INDIANAPOLIS – When Chuck Pagano took the podium on Monday to discuss matters pertaining to the Colts' thrilling 39-33 victory over Denver, his emotions painted the moment.
After discussing injuries to other players, he arrived at Reggie Wayne, who tore his right ACL – an injury that derails for a period one of the NFL's greatest receivers ever.
"We hate to lose anybody. This one stings," said Pagano. "You just don't replace guys like 87, but he'll be back. I know how he's wired. I know what his DNA is, know how he is as a man.
"Everybody is going to say, 'No way,' but after the conversation I just had with him just wait and see. We'll all put on the gloves for Reggie and help him get through this and get him back."
Pagano paused quite noticeably, not punctuating the words for effect. The pauses were to strengthen himself while talking about a player very dear to his heart.
Pagano and Wayne were paired years ago at the University of Miami, forming a bond that extended through the years and was enhanced when Pagano came on board with the Colts in 2012.
One of his first efforts was to solidify Wayne's return from possible free agency, and Pagano saw Wayne reward the move by toiling unselfishly in a newer role. Wayne had his fourth 100-reception season and helped the team jump from 2-14 to 11-5.
Wayne this year had a team-leading 38 receptions and 503 yards before suffering the injury with 7:15 remaining. Wayne was attempting to catch a pass from Andrew Luck that was a little off mark when he collapsed.
"What I'll do is I'll put the gloves on now. He wore them a year ago, I'll wear them now," said Pagano of how Wayne led the team through Pagano's bout with leukemia. "We'll get him through this, be there every step of the way with him.
"He's not going to leave this game like this. There's no way. He'll fight, get his surgery, get his rehab and grind line nobody's ever grinded. He'll do whatever it takes to get back on the field, even if it's to catch one pass, make one more block, do one more thing to help this organization win one more game. He's not going out like this."
Pagano regained composure the longer he spoke, and he knows Wayne will continue to contribute however possible. To Pagano, Wayne is about integrity and winning.
"We've known each other for a long time," said Pagano. "The way he is, the first thing out of his mouth is he feels he let his teammates down because he can't be there now. That's how unselfish this guy is.
"He could give a hoot about the numbers. He just wants to play and help us win a championship. That's what he's dealing with right now. It's a (tragedy)."
Pagano said the team would get Wayne into meetings as quickly as possible, via "stretcher, wheelchair or (if) we have to carry him in" so he can be a counsel to others, particularly a young receiving corps.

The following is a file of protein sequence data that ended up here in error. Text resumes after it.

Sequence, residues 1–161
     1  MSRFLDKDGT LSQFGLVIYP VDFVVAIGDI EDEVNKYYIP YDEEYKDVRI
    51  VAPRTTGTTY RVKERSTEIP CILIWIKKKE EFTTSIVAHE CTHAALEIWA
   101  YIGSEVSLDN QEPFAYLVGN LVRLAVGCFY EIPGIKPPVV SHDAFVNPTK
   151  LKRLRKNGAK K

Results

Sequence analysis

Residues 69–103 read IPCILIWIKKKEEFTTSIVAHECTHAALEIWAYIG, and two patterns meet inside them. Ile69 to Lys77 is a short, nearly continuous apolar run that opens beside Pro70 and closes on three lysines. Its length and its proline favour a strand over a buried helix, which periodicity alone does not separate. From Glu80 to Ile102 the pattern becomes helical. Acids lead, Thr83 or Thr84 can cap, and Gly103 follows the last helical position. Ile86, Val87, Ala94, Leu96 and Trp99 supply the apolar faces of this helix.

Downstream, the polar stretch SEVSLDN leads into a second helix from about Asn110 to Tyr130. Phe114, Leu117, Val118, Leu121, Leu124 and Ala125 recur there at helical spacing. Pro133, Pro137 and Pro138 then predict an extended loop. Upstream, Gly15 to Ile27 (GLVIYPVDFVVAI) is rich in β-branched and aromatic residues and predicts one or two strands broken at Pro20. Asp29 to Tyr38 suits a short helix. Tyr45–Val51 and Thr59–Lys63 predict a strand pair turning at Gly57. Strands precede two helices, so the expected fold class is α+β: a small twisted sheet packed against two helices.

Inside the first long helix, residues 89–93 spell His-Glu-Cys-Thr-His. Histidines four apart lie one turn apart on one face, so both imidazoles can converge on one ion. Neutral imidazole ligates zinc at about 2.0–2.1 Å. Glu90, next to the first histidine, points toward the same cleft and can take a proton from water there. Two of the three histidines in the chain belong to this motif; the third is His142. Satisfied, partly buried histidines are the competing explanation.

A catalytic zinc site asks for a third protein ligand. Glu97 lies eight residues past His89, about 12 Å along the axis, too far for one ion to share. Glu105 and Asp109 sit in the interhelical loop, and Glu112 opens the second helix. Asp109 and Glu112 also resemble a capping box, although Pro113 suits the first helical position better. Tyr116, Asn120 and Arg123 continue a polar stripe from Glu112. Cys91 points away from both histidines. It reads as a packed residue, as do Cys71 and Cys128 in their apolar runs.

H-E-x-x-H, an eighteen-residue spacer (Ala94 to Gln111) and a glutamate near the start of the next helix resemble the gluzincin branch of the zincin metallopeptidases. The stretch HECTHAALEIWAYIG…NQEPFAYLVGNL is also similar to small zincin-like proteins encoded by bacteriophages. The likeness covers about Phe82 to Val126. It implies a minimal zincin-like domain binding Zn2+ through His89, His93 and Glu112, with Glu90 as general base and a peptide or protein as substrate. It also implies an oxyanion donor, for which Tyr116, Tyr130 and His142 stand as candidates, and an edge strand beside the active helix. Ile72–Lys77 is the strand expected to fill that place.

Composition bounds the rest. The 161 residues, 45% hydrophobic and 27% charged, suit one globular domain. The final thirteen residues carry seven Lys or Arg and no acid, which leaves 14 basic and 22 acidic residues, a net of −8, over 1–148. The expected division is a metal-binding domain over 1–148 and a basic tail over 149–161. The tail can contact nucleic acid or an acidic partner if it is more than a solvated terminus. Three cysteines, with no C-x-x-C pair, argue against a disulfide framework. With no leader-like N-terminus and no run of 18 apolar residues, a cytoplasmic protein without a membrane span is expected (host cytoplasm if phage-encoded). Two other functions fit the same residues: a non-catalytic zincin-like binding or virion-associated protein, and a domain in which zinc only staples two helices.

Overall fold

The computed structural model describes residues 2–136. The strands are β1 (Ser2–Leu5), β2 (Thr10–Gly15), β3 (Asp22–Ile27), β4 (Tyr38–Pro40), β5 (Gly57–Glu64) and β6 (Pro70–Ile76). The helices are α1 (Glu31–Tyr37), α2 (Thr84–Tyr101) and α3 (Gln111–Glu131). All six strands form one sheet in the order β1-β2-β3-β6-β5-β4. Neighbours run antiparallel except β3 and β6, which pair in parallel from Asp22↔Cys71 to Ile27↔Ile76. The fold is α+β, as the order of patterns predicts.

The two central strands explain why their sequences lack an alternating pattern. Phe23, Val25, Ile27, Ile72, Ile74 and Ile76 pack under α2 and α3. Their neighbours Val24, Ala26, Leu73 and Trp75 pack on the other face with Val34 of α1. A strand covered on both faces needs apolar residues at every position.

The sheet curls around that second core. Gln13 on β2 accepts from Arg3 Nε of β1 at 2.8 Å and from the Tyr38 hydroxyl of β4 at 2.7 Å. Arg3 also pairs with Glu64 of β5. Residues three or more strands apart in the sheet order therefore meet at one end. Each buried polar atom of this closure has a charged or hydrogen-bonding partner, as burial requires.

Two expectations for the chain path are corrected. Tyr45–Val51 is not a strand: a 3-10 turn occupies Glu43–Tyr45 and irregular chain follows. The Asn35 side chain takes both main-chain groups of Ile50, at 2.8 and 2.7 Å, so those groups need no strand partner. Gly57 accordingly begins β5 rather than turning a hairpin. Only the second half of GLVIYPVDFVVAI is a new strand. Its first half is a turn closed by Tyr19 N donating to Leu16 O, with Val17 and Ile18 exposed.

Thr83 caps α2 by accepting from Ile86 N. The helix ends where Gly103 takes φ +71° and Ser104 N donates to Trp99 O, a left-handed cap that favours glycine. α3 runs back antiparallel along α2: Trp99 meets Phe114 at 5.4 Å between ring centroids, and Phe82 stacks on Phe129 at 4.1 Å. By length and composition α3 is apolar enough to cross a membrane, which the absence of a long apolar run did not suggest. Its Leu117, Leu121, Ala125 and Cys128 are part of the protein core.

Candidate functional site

"It's easy for the young guys, I told them, 'Just get in his hip pocket. Do exactly what he does on a daily basis. You want to stick around for a long time, you want to be productive, you want to write your own legacy, you want to be a guy in the NFL and not an also-ran who collects a paycheck and just sticks around for a couple of years, just do exactly what Reggie does,' said Pagano. "From a leadership, mentoring standpoint, it's off the charts. He's a pro through and through."
Wayne is one month shy of turning 35. Last week at San Diego, he became the ninth NFL player to top 1,000 receptions. His 13,566 yards rank 11th in history, and Wayne was halfway toward notching only the 17th 1,000-yard season ever done by a player at least 35 years of age.
Wayne's 189 consecutive games played ranks second among active players. The six-time Pro Bowler has not missed a game since November of 2001, and he stands as one of only six Colts ever to start more than 100 straight games.
Sunday was the 132nd regular-season victory in which Wayne has participated in his career, tying John Unitas and Jeff Saturday for second-most in franchise history (141, Peyton Manning).
Pagano is certain Wayne will rebound and continue a career that could end in Canton.
"Just look in a man's eye and when he tells you he's going to do something, I can just look in his eye," said Pagano. "I've known him a long time and watched him work over the years. (If) he says, 'I'll be back.' I trust he'll be back."
Wayne is the fifth Colts offensive player lost for the year, joining running backs Vick Ballard (knee) and Ahmad Bradshaw (neck), guard Donald Thomas (quadriceps) and tight end Dwayne Allen (hip).
INJURY UPDATE – Pagano said the club still was waiting test results on Greg Toler (groin strain), Josh Gordy (groin strain) and Mario Harvey (hamstring). Cam Johnson's ankle injury was not serious, and MRI results on Samson Satele's knee were negative. Satele is day-to-day. Pagano has given the team the rest of the week off.
JIM IRSAY AWARDED GAME BALL – In the locker room following the win, Pagano awarded Jim Irsay a game ball, saying, "I think he earned it. I don't think I'd be standing here today without the support of Jim Irsay and what I went through, what he did for my family.
"The way he feels about his players, past and present, he would do anything. The guy's got a heart of gold. When he talks about faith, family and football, it doesn't vary. It's in that order. He gives us everything we need to win on the field. He's the best there is in the NFL. It was a way to thank him for his support."
RATINGS BONANZA – The Denver-Colts game had a 17.3 overnight rating and 29 share to make it the best primetime overnight for an October game in 15 years. It was the fourth-best overnight rating in the eight years NBC has telecast Sunday Night Football. In Indianapolis, the game drew a 49.1 rating and 71 share. In Denver, the numbers were 49.6 and 71, both local-market records.